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"What if VPP. . . was the rule?"

September 20, 2002
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That's the question OSHA chief John Henshaw posed at the annual meeting of the Voluntary Protection Program Participants Association in Orlando, Fla., Sept. 9-12.

OSHA's Voluntary Protection Program has grown impressively over 20 years, from a mere three sites in 1982 to more than 850 today in federal and state OSHA programs. But, said Henshaw, VPP sites only represent about one out of every 10,000 companies in America.

"What if achieving VPP was not the exception, but the rule?"

If VPP sites increased ten-fold, to 8,000, they'd represent about one percent of U.S. businesses, and think of the potential injuries avoided and costs saved in just one year, Henshaw said.

Henshaw wants to get there. The trick is to increase the number of worksites participating while maintaining the quality and integrity of the program and the excellence in safety it represents.

OSHA's chief promises to give VPP a "jump start" to help reach many more worksites. How? Henshaw promised that in the next year the agency will set up an entry-level program for VPP. It will be aimed at worksites committed to worker safety and health, committed to safety and health management systems, and committed to continuous improvement.

This program will give a boost to companies that want to do the right thing, he said.

Henshaw set other goals to expand the scope and impact of VPP:

  • Procedures should be streamlined for corporations with internal VPP processes so they can bring multiple sites into the VPP. Corporate commitments to VPP, like the one made by International Paper - the company with the most sites, need to be rewarded, said Henshaw.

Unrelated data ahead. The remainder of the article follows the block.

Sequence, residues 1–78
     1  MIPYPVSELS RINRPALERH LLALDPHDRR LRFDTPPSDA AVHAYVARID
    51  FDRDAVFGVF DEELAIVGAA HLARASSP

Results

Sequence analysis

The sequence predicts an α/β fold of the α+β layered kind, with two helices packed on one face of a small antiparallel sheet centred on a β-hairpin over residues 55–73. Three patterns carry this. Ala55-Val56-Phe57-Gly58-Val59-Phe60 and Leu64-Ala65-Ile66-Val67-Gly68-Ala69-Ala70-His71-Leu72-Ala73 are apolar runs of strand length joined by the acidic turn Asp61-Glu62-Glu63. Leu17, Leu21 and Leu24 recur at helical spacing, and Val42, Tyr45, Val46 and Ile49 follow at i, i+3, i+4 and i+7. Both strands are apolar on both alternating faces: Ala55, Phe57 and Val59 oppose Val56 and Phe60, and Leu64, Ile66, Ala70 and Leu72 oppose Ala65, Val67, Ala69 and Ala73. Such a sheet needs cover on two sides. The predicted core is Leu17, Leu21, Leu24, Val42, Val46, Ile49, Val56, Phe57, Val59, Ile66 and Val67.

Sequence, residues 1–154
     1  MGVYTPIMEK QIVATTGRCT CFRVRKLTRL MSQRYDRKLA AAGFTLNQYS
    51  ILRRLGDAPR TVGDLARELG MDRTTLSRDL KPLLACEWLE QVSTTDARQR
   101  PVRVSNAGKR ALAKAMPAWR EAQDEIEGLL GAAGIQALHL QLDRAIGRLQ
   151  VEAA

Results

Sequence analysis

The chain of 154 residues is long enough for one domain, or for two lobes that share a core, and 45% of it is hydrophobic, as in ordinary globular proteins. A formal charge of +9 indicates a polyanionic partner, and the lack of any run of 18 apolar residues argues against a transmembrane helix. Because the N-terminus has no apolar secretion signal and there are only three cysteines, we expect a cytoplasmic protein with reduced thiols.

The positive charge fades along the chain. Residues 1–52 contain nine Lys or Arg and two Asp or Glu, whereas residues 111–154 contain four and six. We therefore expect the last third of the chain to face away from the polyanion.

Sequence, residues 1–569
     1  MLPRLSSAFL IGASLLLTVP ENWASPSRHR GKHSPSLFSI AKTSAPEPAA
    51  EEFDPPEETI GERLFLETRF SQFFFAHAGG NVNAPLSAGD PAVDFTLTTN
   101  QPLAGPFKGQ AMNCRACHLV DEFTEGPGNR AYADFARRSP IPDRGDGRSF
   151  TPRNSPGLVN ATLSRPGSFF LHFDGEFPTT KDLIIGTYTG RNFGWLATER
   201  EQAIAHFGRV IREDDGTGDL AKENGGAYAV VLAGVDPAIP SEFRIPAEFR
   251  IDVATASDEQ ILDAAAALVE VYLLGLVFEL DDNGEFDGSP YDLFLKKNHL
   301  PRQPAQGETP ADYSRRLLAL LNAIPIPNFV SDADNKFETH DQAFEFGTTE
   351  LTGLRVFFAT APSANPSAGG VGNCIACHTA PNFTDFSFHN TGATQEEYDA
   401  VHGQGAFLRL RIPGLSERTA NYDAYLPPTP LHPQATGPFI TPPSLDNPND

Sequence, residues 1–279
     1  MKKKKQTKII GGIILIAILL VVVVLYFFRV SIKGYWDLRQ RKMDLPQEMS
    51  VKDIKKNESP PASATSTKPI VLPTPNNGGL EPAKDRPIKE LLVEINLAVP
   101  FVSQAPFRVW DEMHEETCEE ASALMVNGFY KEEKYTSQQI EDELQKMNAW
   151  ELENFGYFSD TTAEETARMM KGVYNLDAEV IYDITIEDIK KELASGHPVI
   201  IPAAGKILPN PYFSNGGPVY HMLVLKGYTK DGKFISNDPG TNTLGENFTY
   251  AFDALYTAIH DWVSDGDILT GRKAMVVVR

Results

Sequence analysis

• A better job must be done to bring small businesses into the VPP. Henshaw wants to see at least ten small businesses from around the country mentored in pilot projects in the next year.
  • OSHA will start a new recognition program for VPP sites with excellent ergonomics programs in fiscal year 2003.
  • The number of Special Government Employees (SGEs) from private industry who work with OSHA officials on VPP reviews needs to expand beyond the current approximately 250 SGEs in order to handle more sites. Working with other safety and health groups could be another resource to tap, said Henshaw.
  • Publicity for the VPP must be cranked up as part of a growth strategy. Henshaw would like to see another ad run in The Wall Street Journal, similar to the one Mobil ran in 1987 challenging businesses to get involved. The message needs to get out: VPP sites have injury and illness rates that are half the size of other workplaces in their industries.

"We can save lives. We can reduce injuries and illnesses. We can save businesses money and increase productivity. Let's take VPP to the next level," concluded OSHA's boss.

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